How to succeed by NOT pitching media

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Here’s a commonly overlooked opportunity for building relationships with media: Help them with stories you didn’t pitch.

I know one PR pro who did this so well that once she fielded a call from a reporter asking if she knew how to get certain (non-confidential) financial info from a different company. Our intrepid colleague still doesn’t know why the reporter called HER, but she tracked it down anyway.

Another example: An agency pro was working with a transportation writer. He mentioned he needed to talk to someone who had been injured in a car accident while traveling for the Thanksgiving holiday. Although this story had no bearing on her client, the PR pro used her network within the worldwide agency to quickly find three such people willing to talk to him.

Do you think that reporter paid attention the next time she emailed or called him?

Here’s one simple way you can implement this helpful approach. When you see an influential journalist looking for a source to speak about something beyond what your organization can address, find someone anyway. You know your industry – who would be qualified and effective on that topic? Maybe you’re aware of a university professor or think-tank analyst – go the extra mile and find contact info and share with the influencer.

To be sure, rendering this kind of assistance doesn’t guarantee us any coverage. It’s not a quid pro quo. What we earn is simply attention – the media members we help are more likely to give us the time of day the next time we have something to offer. Not merely to return the favor, but rather because we’ve demonstrated we know a bit about their topic and that we understand how demanding their jobs are. We better make sure we still “bring our A game” and suggest good angles that matter to their audiences.

You can determine media needs by:

– watching their social media posts to see what they are working on

– noting what’s coming up on their editorial calendars

– simply asking, “What’s coming up that you’re working on?”

Finally, a qualifier. You obviously don’t do this for every reporter who has needs. Focus on those who reach audiences that are strategic for your organization. And if you help a reporter or blogger out a couple times who doesn’t respond to your outreach, don’t get mad. Just move on and apply your helpful approach to someone who may be more appreciative.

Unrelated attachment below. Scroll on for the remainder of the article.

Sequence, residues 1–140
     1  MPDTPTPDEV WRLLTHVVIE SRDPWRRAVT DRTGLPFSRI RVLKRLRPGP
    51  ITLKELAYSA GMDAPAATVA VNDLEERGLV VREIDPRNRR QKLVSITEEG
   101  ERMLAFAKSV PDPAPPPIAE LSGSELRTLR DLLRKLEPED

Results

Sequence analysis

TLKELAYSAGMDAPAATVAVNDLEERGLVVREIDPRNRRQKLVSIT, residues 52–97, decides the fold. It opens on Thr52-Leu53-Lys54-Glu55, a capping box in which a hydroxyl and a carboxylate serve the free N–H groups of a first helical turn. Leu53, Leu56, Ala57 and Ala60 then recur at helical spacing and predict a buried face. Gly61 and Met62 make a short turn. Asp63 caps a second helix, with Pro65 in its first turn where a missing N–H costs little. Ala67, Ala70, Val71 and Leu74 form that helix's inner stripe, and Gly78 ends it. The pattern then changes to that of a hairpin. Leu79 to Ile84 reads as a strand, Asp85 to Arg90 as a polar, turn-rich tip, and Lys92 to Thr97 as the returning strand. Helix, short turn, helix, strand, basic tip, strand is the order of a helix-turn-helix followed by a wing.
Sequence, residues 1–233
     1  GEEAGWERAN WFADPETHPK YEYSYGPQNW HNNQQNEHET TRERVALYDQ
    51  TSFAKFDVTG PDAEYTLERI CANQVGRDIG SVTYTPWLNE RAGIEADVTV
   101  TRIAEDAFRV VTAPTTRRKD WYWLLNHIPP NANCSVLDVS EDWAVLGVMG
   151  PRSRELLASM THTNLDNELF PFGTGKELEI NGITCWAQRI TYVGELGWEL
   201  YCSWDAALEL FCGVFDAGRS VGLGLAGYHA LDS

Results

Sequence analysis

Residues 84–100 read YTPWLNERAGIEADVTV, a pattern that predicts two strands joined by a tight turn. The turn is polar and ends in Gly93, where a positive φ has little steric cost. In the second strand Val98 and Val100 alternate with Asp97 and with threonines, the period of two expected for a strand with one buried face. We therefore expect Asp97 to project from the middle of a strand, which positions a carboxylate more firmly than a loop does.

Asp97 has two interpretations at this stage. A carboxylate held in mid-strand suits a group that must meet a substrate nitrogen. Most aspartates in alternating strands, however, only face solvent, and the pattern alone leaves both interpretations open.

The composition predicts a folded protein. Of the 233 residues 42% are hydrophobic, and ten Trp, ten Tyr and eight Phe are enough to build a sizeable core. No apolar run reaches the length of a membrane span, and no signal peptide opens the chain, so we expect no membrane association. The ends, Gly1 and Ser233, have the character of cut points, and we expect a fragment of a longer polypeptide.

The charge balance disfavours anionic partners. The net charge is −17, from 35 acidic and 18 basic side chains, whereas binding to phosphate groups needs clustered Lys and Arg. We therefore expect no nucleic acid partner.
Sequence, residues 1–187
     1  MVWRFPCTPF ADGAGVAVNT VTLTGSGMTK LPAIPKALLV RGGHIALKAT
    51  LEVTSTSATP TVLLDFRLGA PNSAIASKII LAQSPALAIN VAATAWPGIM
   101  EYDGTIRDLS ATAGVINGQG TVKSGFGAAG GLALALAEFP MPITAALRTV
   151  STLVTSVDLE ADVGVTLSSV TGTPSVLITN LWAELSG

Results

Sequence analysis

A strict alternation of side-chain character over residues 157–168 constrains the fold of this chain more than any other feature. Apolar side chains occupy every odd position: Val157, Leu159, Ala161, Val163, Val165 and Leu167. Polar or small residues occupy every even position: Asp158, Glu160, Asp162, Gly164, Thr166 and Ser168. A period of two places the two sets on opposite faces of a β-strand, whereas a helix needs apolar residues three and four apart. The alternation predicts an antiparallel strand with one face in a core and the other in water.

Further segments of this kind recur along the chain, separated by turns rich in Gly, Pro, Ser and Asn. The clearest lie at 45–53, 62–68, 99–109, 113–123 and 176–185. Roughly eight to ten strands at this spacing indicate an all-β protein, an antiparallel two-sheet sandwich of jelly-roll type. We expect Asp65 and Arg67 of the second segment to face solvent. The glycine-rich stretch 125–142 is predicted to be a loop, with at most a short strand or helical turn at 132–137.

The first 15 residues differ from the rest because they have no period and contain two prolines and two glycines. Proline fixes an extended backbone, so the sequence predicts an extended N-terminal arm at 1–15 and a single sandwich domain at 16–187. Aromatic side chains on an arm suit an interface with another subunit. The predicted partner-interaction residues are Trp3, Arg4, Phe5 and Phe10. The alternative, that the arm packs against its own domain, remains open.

The age-old PR question: What is the optimal length for my media pitch?

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When pushed for a one-size-fits-all guideline for email pitch length, I usually say 150 words.

But in this post I’ll share some recent evidence to justify when your pitches can be effective even if they’re twice that length.

First, the justification for 150. That guideline came from looking at my successful pitches, asking other prolific media relations pros, and asking journalists. About 150 words kept coming up, which is about twice as long as what you’ve read to this point.

Now check this out. I went back and looked at the six winners of the 2014 “Best Pitches of the Year” contest that I held for members of my Inner Circle.

We had two overall winners and four honorable mentions. They landed the likes of the WSJ (three of them), USAT, TheAtlantic.com, and Ad Age. I was surprised to see that the average word count of these winners was 283!

Then I looked at the distribution and saw a pattern emerge:

Three of the winning pitches were 163, 177 and 180 words long.

The other three were 367, 378, and 435 words long.

What accounted for the difference in the two groups?

The shorter pitches were sharing an asset, while the longer pitches were introducing a self-contained new idea.

Sharing an asset

The shorter pitches were about: a study of breastfeeding habits, a list of the seven best forests to visit, and a survey of millennial spending habits.

You can see how a short pitch would be all that’s necessary to pique the target reporter’s interest and get them to look at the “asset” – the study, the list, or the survey results. Same principle would hold if you’re sharing a video or other piece of content.

Introducing a new idea

The three other pitches faced a tougher challenge. They took an abstract concept and shaped that into a newsworthy angle.

One was about a training program that helps NYC doormen identify elder abuse – but the program is a bit dated so the pitcher used some creativity to make it timely. Another was a bold suggestion for a positive profile of an ad agency that shared concrete examples of why the agency deserved that treatment. And the final one listed similarities between an episode of Game of Thrones and actual medieval history to make a point.

You can see why these would require longer treatment.

Now, here’s an important caveat. The longer pitches were expertly written. After all, they were the best of the year.

So now you have some evidence for a more nuanced approach to determining the best length of your pitches.

When your story idea is good enough and lacks an accompanying asset – you can “go big.” Just make sure you do it well.

When it comes to professional development, are you a skimmer or a diver?

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Got this reply to a “tips” email I sent out last month: